Thank you, Mr. Chair.
Mr. Fortune, we have such a short period of time to ask questions that we try not to use up our time doing other things, but I do really want to congratulate Ducks Unlimited for some of the work you're doing. In particular, I've had a chance to look at the document you put together on climate change and the amount of carbon that's actually sequestered thanks to wetlands. It's a really good calculation of the importance of our wetlands when it comes to combatting climate change. Congratulations on that.
On its website Ducks Unlimited says the North American waterfowl management plan is one of the most successful conservation initiatives in the world, which is a pretty broad statement. I find it interesting because it's one of these situations where you have NGOs, the private sector, and government all working together—under a piece of policy—to make something happen. You're certainly one of the organizations that is working there.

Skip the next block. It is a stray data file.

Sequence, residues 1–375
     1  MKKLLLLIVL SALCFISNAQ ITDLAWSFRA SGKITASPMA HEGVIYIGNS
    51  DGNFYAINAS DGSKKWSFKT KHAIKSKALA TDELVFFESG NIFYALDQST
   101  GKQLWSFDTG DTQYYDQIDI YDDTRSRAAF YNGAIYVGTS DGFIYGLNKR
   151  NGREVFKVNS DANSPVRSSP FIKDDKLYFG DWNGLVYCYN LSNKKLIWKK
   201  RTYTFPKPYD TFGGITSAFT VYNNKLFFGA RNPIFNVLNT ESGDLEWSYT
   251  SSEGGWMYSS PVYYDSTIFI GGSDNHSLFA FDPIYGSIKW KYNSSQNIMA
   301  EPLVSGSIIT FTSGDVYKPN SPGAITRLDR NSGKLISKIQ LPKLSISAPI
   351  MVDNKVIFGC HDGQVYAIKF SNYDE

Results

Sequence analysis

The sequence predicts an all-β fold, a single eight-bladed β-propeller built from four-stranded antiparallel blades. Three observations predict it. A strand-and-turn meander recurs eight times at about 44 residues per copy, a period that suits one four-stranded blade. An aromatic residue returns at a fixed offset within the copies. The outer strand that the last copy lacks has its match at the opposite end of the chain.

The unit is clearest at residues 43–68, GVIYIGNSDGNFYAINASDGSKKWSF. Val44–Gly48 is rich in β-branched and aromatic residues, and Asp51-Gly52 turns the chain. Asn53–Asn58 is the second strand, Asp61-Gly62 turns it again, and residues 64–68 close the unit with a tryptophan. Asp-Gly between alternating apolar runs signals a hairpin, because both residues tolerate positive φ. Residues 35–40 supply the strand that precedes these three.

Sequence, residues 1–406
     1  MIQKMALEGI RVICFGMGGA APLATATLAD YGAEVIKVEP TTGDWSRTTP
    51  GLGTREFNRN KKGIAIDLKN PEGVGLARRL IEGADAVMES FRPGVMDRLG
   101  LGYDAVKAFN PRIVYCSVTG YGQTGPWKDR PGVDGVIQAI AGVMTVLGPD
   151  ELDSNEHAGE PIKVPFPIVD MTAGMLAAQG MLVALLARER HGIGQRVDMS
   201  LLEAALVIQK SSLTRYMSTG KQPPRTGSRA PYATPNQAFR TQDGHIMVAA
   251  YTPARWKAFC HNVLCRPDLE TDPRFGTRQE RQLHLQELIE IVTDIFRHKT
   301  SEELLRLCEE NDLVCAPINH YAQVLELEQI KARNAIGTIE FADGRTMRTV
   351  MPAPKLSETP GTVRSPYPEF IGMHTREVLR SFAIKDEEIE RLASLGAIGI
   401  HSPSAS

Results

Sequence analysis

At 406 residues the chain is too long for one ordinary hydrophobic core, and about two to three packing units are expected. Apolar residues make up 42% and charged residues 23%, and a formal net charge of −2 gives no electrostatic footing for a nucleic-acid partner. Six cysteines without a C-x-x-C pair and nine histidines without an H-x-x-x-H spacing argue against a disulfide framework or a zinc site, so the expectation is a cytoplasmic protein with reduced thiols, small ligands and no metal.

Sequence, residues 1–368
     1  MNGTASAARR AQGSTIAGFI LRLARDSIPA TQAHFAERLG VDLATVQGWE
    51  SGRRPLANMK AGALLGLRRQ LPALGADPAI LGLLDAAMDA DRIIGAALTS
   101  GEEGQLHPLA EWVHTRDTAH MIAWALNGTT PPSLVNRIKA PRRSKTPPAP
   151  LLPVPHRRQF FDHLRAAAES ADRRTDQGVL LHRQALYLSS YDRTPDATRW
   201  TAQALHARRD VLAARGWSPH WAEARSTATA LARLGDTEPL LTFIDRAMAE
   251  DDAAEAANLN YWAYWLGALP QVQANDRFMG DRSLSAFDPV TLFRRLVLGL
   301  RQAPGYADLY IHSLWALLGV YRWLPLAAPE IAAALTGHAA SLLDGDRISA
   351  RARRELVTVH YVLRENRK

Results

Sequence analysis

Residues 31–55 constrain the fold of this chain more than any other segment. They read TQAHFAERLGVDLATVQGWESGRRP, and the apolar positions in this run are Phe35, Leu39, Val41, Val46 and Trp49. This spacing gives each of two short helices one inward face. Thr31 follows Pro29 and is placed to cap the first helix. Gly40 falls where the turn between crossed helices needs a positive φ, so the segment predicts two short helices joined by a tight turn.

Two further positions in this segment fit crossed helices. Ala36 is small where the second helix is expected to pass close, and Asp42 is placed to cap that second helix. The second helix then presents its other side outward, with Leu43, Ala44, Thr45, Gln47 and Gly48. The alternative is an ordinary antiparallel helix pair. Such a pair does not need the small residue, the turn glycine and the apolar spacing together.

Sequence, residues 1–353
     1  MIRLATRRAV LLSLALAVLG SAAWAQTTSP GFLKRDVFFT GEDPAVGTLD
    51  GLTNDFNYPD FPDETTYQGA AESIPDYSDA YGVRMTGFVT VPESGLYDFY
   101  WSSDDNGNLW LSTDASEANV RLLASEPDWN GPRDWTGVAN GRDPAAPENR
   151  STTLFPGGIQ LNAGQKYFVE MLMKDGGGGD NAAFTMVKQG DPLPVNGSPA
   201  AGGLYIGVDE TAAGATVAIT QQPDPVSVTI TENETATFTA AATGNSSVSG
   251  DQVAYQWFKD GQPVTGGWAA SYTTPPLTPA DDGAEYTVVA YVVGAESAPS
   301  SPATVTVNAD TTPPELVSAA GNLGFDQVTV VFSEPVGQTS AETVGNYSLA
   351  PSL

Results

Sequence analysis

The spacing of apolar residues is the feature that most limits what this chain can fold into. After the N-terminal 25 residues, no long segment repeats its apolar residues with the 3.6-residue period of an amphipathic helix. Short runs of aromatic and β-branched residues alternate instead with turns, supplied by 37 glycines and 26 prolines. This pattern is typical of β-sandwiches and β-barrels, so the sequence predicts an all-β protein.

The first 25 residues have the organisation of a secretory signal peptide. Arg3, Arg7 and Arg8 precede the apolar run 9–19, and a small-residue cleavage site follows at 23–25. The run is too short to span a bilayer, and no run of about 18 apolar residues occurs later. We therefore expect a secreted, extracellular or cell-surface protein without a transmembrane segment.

In terms of the success of that plan, would it be possible if one of those stakeholders didn't exist? We're here to talk about private sector and environment groups. Would it be possible if government, if that stakeholder, were not involved?